INTRODUCTION Gene therapy is a strategy that is witnessing dynamic development; several drugs have already been approved for clinical use, many are undergoing various phases of clinical trials, and a vast number of drugs are under development at laboratories. Various approaches to provide specific activity of gene therapy agents in cancer cells have been proposed and validated, including post-transcriptional regulation of the therapeutic transgene expression level in cancer cells via the selective stabilization of the transcript in tumor cells [1] or destabilization of the transcript in normal cells [2]. Along with these relatively new approaches, activation of transgene expression predominantly in tumor cells by tumor-specific promoters remains one of the most frequently used, well-explored, and justified strategies to provide tumor specificity in cancer gene therapy [3]. Tumor-specific promoters have been successfully validated in many cases, but their usage is associated with several drawbacks, including a far from absolute tumor specificity and low promoter activity, which affects the transgene expression level and, consequently, the therapeutic effect. In particular, the human telomerase reverse transcriptase (hTERT) gene promoter is one of the best characterized tumor-specific promoters and is active in a wide variety of tumors, providing the advantage of targeting cancer cells of different origins [3-7]. Nevertheless, the hTERT promoter is relatively weak, which might affect the overall efficiency of the therapy in clinical settings. So, several attempts to improve its activity have been made. Since the hTERT promoter is “TATA-less,” two modifications were proved to increase promoter activity: linking the promoter to a synthetic TATA-box or to a minimal early/immediate cytomegalovirus promoter to provide conventional basal promoter elements [8, 9]. However, the activity of the hTERT promoter varies greatly among different tumor cell lines, which might compromise the advantage of its universality [10]. Therefore, taking into account the above considerations, there is a definite need to increase hTERT promoter activity in tumor cells while retaining its tumor cell specificity. Many promoters like hTERT show tumor-specific activity due to reactivation in tumor cells, and the tumor specificity of transgene expression can be further increased by exploiting genetic regulatory elements that respond to a perturbed tumor microenvironment or are abnormally active due to somatic mutations in tumor cells. This strategy can be exemplified by exploiting cis-acting regulatory elements that provide a transcriptional response to oxidative stress or hypoxia, which are the hallmarks of many tumors. In particular, antioxidant response elements (ARE), the binding sites for the Nrf2 transcription factor, which is a master activator of the oxidative stress response, suffice to support tumor-specific transgene expression when linked to a basal promoter [11]. In such a setting, transcription is maintained due to the abnormal Nrf2 activation occurring in response to intrinsic oxidative stress in tumor cells or because of somatic mutations resulting in constitutive Nrf2 activation. In this paper, we show that combining the tumor-specific hTERT promoter with ARE results in increased activity of the hybrid promoter in tumor cells compared to the hTERT promoter. At the same time, this modification did not affect promoter activity in non-cancerous cells, in which Nrf2 is not activated under normal conditions. This approach can be used to increase the transgene expression level and activity of therapeutic proteins in tumor cells without an appreciable loss of tumor specificity. MATERIALS AND METHODS Cell culture Human lung epidermoid carcinoma Calu-1 (ECACC #93120818), nonsmall cell lung carcinomas NCI-H1299 (ATCC #CRL-5803) and A549 (ATCC #CRL-185), and nonsmall cell lung bronchioalveolar carcinoma NCI-H358 (ATCC #CRL-5807) cell lines were cultured in a DMEM/F12 (1 : 1) medium (HyClone, USA) supplemented with 10% fetal bovine serum (HyClone), penicillin (100 U/ml), and streptomycin (100 µg/ml) (Gibco, UK). Human bronchial epithelial cells HBEpC (ECACC #502-05) were cultured in the Bronchial Epithelial Growth Medium (Lonza, Switzerland). For cell viability or luciferase reporter gene assays, cells were seeded into 24-well plates at an indicated density (NCI-H1299, 20000 cells/well; A549, 30000 cells/well; Calu-1, 40000 cells/ well; NCI-H358, 150000 cells/well; HBEpC, 80000 cells/ well) and transfected with a Unifectin-56 transfection reagent (Rusbiolink, Russia) the next day. Plasmids The plasmid phTERT-Luc encoding firefly luciferase under the control of a -206…+37 nt hTERT promoter was described earlier [10]. Plasmid pARE-hTERT-Luc containing firefly luciferase cDNA under the control of the hybrid ARE-hTERT promoter was generated by cloning 56 bp ARE (tgagtaacggttacgaagcactttctcggctacgatttctgcttagtcattgtctt) from the human glutamate-cysteine ligase modifier (GCLM) gene promoter to the 5’-end of the hTERT promoter in phTERT-Luc plasmid [12]. phTERT-CD : UPRT and pARE-hTERT-CD:UPRT plasmids for the expression of the yeast cytosine deaminase:uracil phosphoribosyltransferase (CD : UPRT) chimeric protein under the control of hTERT or ARE-hTERT promoter, respectively, were constructed on the backbone of pBluescriptII SK(- ) vector (Stratagene, USA) [13]. The SV40 signal for transcription termination and polyadenylation derived from pBK-CMV expression vector (Stratagene) was cloned at the 3’-end of CD : UPRT cDNA. Chemicals Tert-butylhydroquinone (tBHQ), doxorubicin, cisplatin, etoposide, and 5-fluorocytosine (5FC) were purchased from Sigma-Aldrich (USA). Luciferase reporter gene assay Cells were transfected in triplicate for each plasmid combination by a mixture of the firefly reporter plasmid (phTERT-Luc, pARE-hTERT-Luc or promoterless pGL3-Basic plasmid (Promega)) with pRL-CMV (Promega, USA) plasmid (encoding the Renilla luciferase reporter gene under the control of the CMV immediate early enhancer/promoter). If indicated, cells were treated with 100 µM tBHQ for 24 hrs prior to harvesting for luciferase activity analysis. Luciferase activities were quantified 2 days after transfection using the Dual-Luciferase® Reporter Assay System (Promega). Firefly luciferase activity was normalized to the Renilla luciferase activity, and the average values of relative light units (RLU) and standard deviation (SD) were calculated. Cell viability assay Cells were transfected with CD : UPRT-encoding plasmids or mock-transfected with the pBK-CMV vector and plated into the wells of a 96-well plate 24 hrs after transfection (2,000 cells/well for NCI-H1299, A549 and Calu-1 cell lines, and 5,000 cells/well for NCI-H358 cells). 5FC and/or etoposide, cisplatin, or doxorubicin were added 24 hrs after plating. Cell culture medium containing 5FC and/or chemotherapeutic drugs was changed for a fresh one after 24 and 96 hrs of incubation. If indicated, tBHQ was present in the medium at a concentration of 100 µM between 24 and 96 hrs of incubation. Cell viability was determined after 120 hrs of incubation using the CellTiter96® AQueous One Solution Cell Proliferation Assay (Promega) according to the manufacturer’s instruction. Each experimental point was analyzed in triplicate. Cell viabilities were normalized to the viability of cells incubated in the absence of 5FC and chemotherapeutic drugs, which was taken as 100%. RESULTS Design of the hybrid ARE-hTERT promoter Hurttila et al. previously analyzed the potency of AREs derived from several Nrf2-responsive genes to support transgene expression under oxidative stress conditions and showed that the highest expression level among the tested AREs was provided by ARE from the GCLM gene promoter [12]. Based on these findings, we used ARE from the human GCLM gene promoter and placed it at the 5’-end relative to the transcription start site of the -206…+37 nt fragment of the hTERT promoter, which is sufficient to support tumor-specific transcription [5]. Activity of the hybrid ARE-hTERT promoter in cancer and normal cells We used a luciferase reporter assay to compare the activities of the conventional and the hybrid hTERT promoters in cancer and normal cells. In three out of four tested lung cancer cell lines (NCI-H1299, Calu-1 and A549), the ARE-hTERT promoter showed 2- to 3-fold higher activity compared to the unmodified hTERT promoter, while in NCI-H358 cell line the introduction of ARE did not significantly improve the promoter activity (Fig. 1 “-tBHQ” samples). Importantly, a similar lack of effect on the transcriptional activity of the hybrid promoter was observed in noncancerous HBEpC cells: relative luciferase activities in pARE-hTERT-Luc- and phTERT-Luc-transfected cells were 1.41 ± 0.45 and 1.00 ± 0.214 (P = 0.2272, two-tailed Student’s t-test). Therefore, the ARE-hTERT promoter outperformed the unmodified hTERT promoter in three out of four tested lung cancer cell lines, while modification did not affect the promoter activity in normal cells. Induction of oxidative stress can stimulate hybrid promoter activity Next, we studied if induction of oxidative stress could increase ARE-hTERT promoter activity in cancer cells. Treatment of NCI-H358 cells with tBHQ resulted in ~2.5-fold induction of luciferase reporter gene activity under the control of the ARE-hTERT promoter, while having no effect on the activity of the hTERT promoter (Fig. 1, “+ tBHQ” samples), which is well in line with the responsiveness of GCLM ARE to external oxidative stress [12]. At the same time, tBHQ treatment did not affect ARE-hTERT promoter activity in Calu-1, A549, and NCI-H1299 cell lines in which ARE-hTERT promoter activity significantly outperformed that of the unmodified hTERT promoter without an external oxidative stressor (Fig.1, “-tBHQ” samples). Taken together, the hybrid ARE-hTERT promoter possesses higher activity in cancer cells under basal conditions compared to the hTERT promoter, likely owing to the activation of the Nrf2 pathway that frequently occurs in cancer cells due to somatic mutations or the increased level of reactive oxygen species (ROS) [14-19]. In cells with low basal activity of the hybrid promoter, its transcriptional activity can be boosted by oxidative stress inducers. A hybrid promoter improves the efficiency of enzyme-prodrug suicide cancer gene therapy in vitro The increased activity of the hybrid promoter compared to the conventional hTERT promoter observed in NCI-H1299, Calu-1, and A549 cells in luciferase reporter gene assay leads one to assume that the modification of the hTERT promoter with ARE will also improve the performance of cancer gene therapy vectors. In order to directly address this issue, we compared the capacities to induce cancer cell death in the enzyme-prodrug CD : UPRT-5FC suicide cancer gene therapy scheme when CD : UPRT expression was driven by either an unmodified or ARE-modified hTERT promoter [20]. As expected, ARE-hTERT promoter-driven CD : UPRT expression resulted in a more pronounced level of cell death in the presence of the same 5FC concentrations compared to hTERT-driven expression (Fig. 2). Alike, in agreement with the results of a promoter activity analysis with the reporter gene, ARE modification of the hTERT promoter directing CD : UPRT expression did not affect cytotoxicity for NCI-H358 cells. At the same time, simultaneous treatment of NCI-H358 cells with tBHQ significantly augmented the cytotoxic effect only when the ARE-modified promoter was used (Fig. 3), while tBHQ did not increase cytotoxicity when the ARE-hTERT promoter was used instead of the unmodified promoter in NCI-H1299, Calu-1, and A549 cells, where the hybrid promoter is intrinsically more active than the hTERT promoter according to the reporter gene assay (data not shown). ARE-hTERT promoter-driven enzyme-prodrug suicide cancer gene therapy more efficiently sensitizes cancer cells to conventional chemotherapeutic drugs Effect of ARE-modification of the hTERT promoter on luciferase reporter gene activity in lung cancer cell lines. The luciferase reporter gene activity was measured in NCI-H1299 (A), Calu-1 (B), A549 (C), and NCI-H358 (D) cells transfected with phTERT-Luc (hTERT-Luc), pARE-hTERT-Luc (ARE-hTERT-Luc), or promoterless pGL3-Basic (Luc) plasmid, together with pRL-CMV plasmid for normalization. If indicated (hatched bars), cells were treated with 100 μM tBHQ for 24 hrs. The data are shown as average RLU values ± SD. ARE-driven enzyme-prodrug suicide cancer gene therapy was reported to increase the sensitivity of cancer cells to chemotherapeutic drugs: in particular, to doxorubicin [11]. Therefore, we questioned if ARE-hTERT promoter-driven CD : UPRT-5FC enzyme-prodrug suicide cancer gene therapy would also result in enhanced cytotoxicity when combined with chemotherapeutic drugs. Figure 4A demonstrates that hTERT-driven CD : UPRT expression did not result in NCI-H1299 cell death in the presence of 10 µM 5FC. Also, treatment with 0.1 µM doxorubicin resulted only in marginal NCI-H1299 cell death. Notably, under the same settings, application of the ARE-modified hTERT promoter resulted in substantial cell death (~40%), which was further significantly potentiated by combined treatment with doxorubicin (Fig. 4A). Similar observations were made for A549 and Calu-1 cells treated with doxorubicin, etoposide or cisplatin (Fig. 4B and data not shown). Importantly, under our experimental settings, hTERT promoter-driven cancer gene therapy showed no effect alone and failed to potentiate the cell death elicited by chemotherapeutic drugs, while modification of the promoter with ARE resulted in pronounced cytotoxicity both in the case of cancer gene monotherapy and when it was combined with chemotherapeutic drugs. Comparison of the cytotoxic effects of hTERT and ARE-hTERT promoter-driven CD:UPRT expression in lung cancer cell lines in the presence of 5FC. Relative viabilities of NCI-H1299 (A), Calu-1 (B), A549 (C), and NCI-H358 (D) cells transfected with pARE-hTERT-CD : UPRT (hatched bars), phTERT-CD : UPRT (blank bars), and pBK-CMV (mock, dotted bars) plasmids after incubation with indicated concentrations of 5FC are shown as average values ± SD of the percentage of viable cells relative to the viability of similarly transfected cells incubated in the absence of 5FC. The cytotoxic effect of ARE-hTERT promoter-driven CD : UPRT expression in the presence of 5FC is enhanced by an oxidative stress inducer in NCI-H358 cells. NCI-H358 cells were transfected with pARE-hTERT-CD : UPRT (hatched bars) or phTERT-CD : UPRT (blank bars) plasmid, and cell viabilities were determined after incubation in the absence or presence of 200 μM of 5FC and/or 100 μM tBHQ as indicated. Data are shown as average values ± SD of the percentage of viable cells relative to the viability of similarly treated cells incubated in the absence of 5FC. DISCUSSION We tested the hypothesis that introduction of ARE into a promoter with intrinsic tumor specificity, which is routinely used to target cancer cells in cancer gene therapy, will enhance promoter activity without an appreciable loss of specificity toward tumor cells. Indeed, ARE linked to a nonselective minimal promoter was previously shown to provide tumor-specific expression owing to an aberrantly activated Nrf2 transcription factor [14-19] or intrinsically higher ROS levels in tumor cells [11, 12]. As we demonstrated, a hybrid promoter containing the human TERT gene promoter and ARE derived from the human GCLM gene promoter showed better performance in 3 of 4 tested cancer cell lines both in reporter gene assay and in the CD : UPRT-5FC suicidal cancer gene therapy scheme. In NCI-H358 cells, where hTERT promoter modification did not affect the promoter activity (which suggests a lack of abnormal Nrf2 regulation), the activity of the hybrid promoter could be boosted by oxidative stress inducers such as tBHQ. It is important to mention that an analysis in primary epithelial HBEpC cells showed a lack of any appreciable increase in promoter activity after the inclusion of ARE in the promoter, thus demonstrating that the introduced modification did not affect the cancer-cell specificity of transcription. Our results indicate that the novel hybrid promoter, while retaining a high cancer cell specificity, will outperform the conventional hTERT promoter in a substantial proportion of tumors where Nrf2 is activated due to a somatic mutation. In addition, cancer cells are generally characterized by an increased ROS level both in vitro and in vivo, which is caused by several factors, such as altered metabolism and inadequate vascularization [21]. In addition, many conventional chemotherapeutic drugs are known to induce oxidative stress; therefore, combination of ARE-hTERT driven cancer gene therapy with conventional chemotherapeutic drugs in vivo might further potentiate the overall efficiency of the treatment through the promotion of therapeutic transgene expression. The efficiency of a cancer gene therapy is primarily determined by the therapeutic transgene expression level, which should be high enough to elicit a therapeutic effect. In this work, we used the CD : UPRT-5FC enzyme-prodrug cancer gene therapy approach, in which the overall efficiency of the therapy is determined by the efficiency of plasmid delivery into cancer cells, promoter activity, and cell sensitivity to the cytotoxic agent obtained from the prodrug conversion. These parameters will obviously vary for specific cell types, potentially resulting in a loss of treatment efficiency. Indeed, under the experimental settings used (Fig. 4), the hTERT-driven gene therapy failed to result in tumor cell elimination or to enhance the cytotoxic effect of chemotherapeutic drugs. However, under identical conditions, modification of the hTERT promoter with ARE restored the cytotoxic effect of the gene therapy and significantly potentiated the chemotherapeutic drug-induced cytotoxicity. These results explicitly demonstrate that the application of a hybrid promoter, instead of the conventional hTERT promoter, would broaden the therapeutic efficiency of gene therapy, thus demonstrating the advantages of the reported hybrid promoter. Comparison of the cytotoxic effects of hTERT and ARE-hTERT promoter-driven CD : UPRT expression in lung cancer cell lines in the presence of 5FC when combined with chemotherapeutic agents. NCI-H1299 (A) or A549 (B) cells were transfected with pARE-hTERT-CD : UPRT (hatched bars) or phTERT-CD : UPRT (blank bars) plasmid and incubated in the presence or absence (as indicated) of 10 μM of 5FC and 0.1 μM of doxorubicin (Dox) (A) or 500 μM of 5FC and 2 μM of etoposide (Eto) (B). Data are shown as average values ± SD of the percentage of viable cells relative to the viability of similarly treated cells incubated in the absence of 5FC and chemotherapeutic agents. CONCLUSIONS We have created a novel tumor-specific promoter that retains the tumor specificity of the basal hTERT promoter but is characterized by an enhanced transcriptional activity in cancer cells due to either abnormal Nrf2 transcription factor activation or stimulation with ROS inducers. Owing to the above characteristics, the ARE-hTERT hybrid promoter can be considered a better alternative to the hTERT promoter in cancer gene therapy schemes. In addition, the combination of ARE with other tumor- or tissue-specific promoters used to develop vectors for cancer gene therapy can be regarded as a way to improve their performance without an appreciable loss of specificity.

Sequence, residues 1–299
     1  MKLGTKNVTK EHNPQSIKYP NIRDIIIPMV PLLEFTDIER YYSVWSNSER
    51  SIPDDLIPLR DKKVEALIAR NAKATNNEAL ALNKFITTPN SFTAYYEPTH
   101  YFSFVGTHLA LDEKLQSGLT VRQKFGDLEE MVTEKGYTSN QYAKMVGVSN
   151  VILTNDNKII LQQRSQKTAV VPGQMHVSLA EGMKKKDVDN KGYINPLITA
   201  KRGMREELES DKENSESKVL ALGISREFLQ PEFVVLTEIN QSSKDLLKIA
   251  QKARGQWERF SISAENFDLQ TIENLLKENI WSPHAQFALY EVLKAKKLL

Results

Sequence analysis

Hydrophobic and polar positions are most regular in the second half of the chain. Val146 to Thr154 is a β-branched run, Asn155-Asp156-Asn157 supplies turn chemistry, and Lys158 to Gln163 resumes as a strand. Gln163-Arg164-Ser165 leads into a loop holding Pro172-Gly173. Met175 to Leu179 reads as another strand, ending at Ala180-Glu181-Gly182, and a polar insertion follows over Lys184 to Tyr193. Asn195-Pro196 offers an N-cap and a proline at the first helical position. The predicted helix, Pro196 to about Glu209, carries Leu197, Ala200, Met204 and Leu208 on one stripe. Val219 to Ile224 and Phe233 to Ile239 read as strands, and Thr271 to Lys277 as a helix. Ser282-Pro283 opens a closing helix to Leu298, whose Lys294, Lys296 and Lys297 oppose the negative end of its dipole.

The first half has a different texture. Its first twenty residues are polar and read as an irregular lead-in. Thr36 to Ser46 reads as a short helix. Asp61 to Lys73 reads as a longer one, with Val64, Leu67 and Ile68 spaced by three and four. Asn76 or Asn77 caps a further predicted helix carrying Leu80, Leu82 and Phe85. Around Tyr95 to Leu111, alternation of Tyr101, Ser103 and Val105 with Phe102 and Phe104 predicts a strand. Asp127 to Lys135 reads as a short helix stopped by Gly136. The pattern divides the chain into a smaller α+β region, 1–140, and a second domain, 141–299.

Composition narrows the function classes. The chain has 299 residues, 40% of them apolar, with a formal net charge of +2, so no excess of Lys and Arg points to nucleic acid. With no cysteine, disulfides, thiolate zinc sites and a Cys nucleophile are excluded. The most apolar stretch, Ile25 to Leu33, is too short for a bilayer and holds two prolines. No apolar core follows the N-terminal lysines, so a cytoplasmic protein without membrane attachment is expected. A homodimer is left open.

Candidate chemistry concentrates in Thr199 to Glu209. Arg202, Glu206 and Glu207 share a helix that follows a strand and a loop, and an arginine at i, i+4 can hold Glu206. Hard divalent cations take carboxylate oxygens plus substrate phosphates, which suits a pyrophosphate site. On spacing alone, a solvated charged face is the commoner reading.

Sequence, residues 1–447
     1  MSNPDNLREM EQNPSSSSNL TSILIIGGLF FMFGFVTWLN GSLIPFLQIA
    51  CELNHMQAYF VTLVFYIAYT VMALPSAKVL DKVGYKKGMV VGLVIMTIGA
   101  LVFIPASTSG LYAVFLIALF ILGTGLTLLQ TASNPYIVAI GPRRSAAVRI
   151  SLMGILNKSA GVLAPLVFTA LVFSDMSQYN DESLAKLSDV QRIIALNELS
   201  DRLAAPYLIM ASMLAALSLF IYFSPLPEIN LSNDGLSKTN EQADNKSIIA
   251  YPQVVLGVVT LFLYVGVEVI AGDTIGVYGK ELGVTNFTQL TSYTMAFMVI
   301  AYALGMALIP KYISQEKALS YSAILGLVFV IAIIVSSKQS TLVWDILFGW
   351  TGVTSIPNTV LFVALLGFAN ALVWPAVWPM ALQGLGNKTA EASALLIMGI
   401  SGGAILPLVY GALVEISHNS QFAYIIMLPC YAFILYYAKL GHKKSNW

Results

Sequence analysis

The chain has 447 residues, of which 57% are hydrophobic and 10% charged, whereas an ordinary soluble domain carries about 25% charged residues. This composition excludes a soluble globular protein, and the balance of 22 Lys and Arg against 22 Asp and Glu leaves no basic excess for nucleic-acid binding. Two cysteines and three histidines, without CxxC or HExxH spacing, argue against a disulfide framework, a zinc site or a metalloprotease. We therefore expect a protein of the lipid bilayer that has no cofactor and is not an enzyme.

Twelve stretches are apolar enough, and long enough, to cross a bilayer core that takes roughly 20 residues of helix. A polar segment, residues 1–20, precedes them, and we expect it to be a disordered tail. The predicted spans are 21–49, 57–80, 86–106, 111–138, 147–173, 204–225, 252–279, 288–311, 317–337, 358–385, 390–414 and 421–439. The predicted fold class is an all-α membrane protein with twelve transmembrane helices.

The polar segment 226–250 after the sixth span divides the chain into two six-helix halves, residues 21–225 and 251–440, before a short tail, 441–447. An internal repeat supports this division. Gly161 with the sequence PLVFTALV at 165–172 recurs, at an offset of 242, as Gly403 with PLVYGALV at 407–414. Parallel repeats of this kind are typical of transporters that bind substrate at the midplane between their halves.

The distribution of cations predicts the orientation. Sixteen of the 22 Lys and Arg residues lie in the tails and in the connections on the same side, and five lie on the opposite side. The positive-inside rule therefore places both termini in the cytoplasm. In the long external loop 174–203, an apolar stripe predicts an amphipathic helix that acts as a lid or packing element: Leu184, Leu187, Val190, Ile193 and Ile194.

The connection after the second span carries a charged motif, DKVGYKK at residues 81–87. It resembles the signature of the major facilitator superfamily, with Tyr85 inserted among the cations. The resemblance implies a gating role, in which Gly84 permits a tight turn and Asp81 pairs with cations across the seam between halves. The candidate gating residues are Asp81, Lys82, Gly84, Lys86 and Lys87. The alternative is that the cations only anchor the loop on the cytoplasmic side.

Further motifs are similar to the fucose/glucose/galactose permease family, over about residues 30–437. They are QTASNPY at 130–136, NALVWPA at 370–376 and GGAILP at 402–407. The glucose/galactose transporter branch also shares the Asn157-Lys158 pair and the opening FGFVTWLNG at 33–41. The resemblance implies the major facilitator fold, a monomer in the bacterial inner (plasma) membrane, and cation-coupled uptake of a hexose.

S. V. Kalinichenko

Institute of Gene Biology, Russian Academy of Sciences

Email: mshepelev@mail.ru

Russian Federation

M. V. Shepelev

Institute of Gene Biology, Russian Academy of Sciences

Author for correspondence.
Email: mshepelev@mail.ru

Russian Federation

P. N. Vikhreva

Institute of Gene Biology, Russian Academy of Sciences; University of Leicester

Email: mshepelev@mail.ru

Russian Federation

I. V. Korobko

Institute of Gene Biology, Russian Academy of Sciences

Email: mshepelev@mail.ru

Russian Federation